Monstress, Vol. 3: Haven by Marjorie M. Liu

“What happened once, will happen again…but in a different form. To become a future-teller, one needs only to study history.”

4/5 stars.
ebook, 196 pages.
Read on July 12, 2020.

The cryptic saga continues in Monstress Vol. 3. I read this in one sitting but I slightly regret doing so and may place this volume on my re-read list. 

This particular volume focuses heavily on the Old Gods, which as we’ve learned from previous volumes is what the entity that lives within Maika and his name is Zinn. Zinn betrayed the Shaman Empress, of which Maika is believed to be connected to and much of the plot focuses on this lore. As a reader, you somewhat expect to get more information on what is starting to unfold but the you’re often left with more questions as some aspects of the the lore and plot are quite cryptic.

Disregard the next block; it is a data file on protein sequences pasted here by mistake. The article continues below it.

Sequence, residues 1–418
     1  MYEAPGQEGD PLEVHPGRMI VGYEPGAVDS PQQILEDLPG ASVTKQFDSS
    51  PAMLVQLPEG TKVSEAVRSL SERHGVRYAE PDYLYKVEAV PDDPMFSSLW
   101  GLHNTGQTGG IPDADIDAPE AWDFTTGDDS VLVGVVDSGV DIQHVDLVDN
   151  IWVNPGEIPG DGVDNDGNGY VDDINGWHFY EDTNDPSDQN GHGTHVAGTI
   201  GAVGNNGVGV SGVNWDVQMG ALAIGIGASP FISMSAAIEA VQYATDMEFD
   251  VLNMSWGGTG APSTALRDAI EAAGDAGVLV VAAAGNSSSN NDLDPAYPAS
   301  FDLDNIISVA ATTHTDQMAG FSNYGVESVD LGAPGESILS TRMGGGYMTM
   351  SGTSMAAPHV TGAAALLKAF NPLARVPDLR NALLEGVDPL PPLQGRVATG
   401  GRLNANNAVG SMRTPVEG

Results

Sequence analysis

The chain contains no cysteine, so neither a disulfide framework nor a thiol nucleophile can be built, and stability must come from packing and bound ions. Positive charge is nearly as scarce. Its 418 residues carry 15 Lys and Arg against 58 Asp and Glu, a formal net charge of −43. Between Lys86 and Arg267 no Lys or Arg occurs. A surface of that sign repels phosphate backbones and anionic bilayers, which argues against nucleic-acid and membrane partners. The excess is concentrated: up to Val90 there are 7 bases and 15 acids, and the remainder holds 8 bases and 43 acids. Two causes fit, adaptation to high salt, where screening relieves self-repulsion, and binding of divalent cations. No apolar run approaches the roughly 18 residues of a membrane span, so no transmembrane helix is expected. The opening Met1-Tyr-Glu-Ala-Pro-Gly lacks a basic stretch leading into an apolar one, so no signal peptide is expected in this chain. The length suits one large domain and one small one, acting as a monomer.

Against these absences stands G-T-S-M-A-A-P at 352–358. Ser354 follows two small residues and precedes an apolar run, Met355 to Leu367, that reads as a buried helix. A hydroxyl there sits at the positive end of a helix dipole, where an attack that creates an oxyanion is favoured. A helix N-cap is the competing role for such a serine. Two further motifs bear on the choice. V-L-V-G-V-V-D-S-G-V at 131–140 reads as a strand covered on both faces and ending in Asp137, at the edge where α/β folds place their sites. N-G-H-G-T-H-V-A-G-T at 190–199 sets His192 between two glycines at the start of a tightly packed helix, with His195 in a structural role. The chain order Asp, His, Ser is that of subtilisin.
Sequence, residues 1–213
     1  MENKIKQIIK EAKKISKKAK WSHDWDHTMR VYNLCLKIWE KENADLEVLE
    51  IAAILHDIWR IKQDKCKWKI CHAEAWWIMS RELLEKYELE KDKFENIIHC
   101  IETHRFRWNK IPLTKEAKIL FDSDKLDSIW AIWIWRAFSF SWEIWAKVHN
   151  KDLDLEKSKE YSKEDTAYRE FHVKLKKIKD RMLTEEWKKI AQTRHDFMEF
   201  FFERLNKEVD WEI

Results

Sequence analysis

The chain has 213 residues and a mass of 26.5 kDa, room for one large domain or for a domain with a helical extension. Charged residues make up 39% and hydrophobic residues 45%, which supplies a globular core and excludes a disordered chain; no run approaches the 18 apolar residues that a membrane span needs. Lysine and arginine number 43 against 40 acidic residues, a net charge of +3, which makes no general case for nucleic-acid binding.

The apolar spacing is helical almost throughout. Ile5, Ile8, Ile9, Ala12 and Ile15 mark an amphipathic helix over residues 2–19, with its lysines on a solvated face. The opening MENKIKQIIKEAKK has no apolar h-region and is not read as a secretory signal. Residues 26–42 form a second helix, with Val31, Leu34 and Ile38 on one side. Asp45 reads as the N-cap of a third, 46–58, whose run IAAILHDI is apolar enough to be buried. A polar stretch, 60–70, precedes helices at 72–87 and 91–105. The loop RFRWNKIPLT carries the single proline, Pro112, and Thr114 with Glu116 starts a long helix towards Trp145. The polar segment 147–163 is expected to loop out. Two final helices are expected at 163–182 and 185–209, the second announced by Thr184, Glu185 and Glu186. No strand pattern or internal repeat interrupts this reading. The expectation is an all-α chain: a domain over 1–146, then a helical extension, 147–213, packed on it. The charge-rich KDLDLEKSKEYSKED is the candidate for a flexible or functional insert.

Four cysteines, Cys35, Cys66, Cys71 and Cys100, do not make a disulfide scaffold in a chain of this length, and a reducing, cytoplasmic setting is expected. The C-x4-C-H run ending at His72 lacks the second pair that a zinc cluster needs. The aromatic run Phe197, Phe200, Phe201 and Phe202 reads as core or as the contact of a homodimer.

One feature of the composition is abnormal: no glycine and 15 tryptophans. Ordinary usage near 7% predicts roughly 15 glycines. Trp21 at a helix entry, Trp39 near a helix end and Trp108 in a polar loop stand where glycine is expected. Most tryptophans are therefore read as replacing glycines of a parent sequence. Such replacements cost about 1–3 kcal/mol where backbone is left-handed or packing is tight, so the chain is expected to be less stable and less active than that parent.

Further, the Cumea and the Dusk Court are both out looking for Maika because of her connections with the Old Gods, and an impending war between the two sides looms again.  Maika and Kippa finds themselves in a city called Pontus, in which we learn that the city managed to stay safe during the last war due to a piece of armor that shielded the city. Unfortunately it is broken and knowing that a war is likely occur soon, Maika gets recruited by the city to help repair it. Kippa leaves and goes her own way shortly after this occurrence leaving Maika wondering about her connections to the people around her and how she has lived in survival mode for so long. Maika also comes to learn that she is not the only one with an Old God inside of her…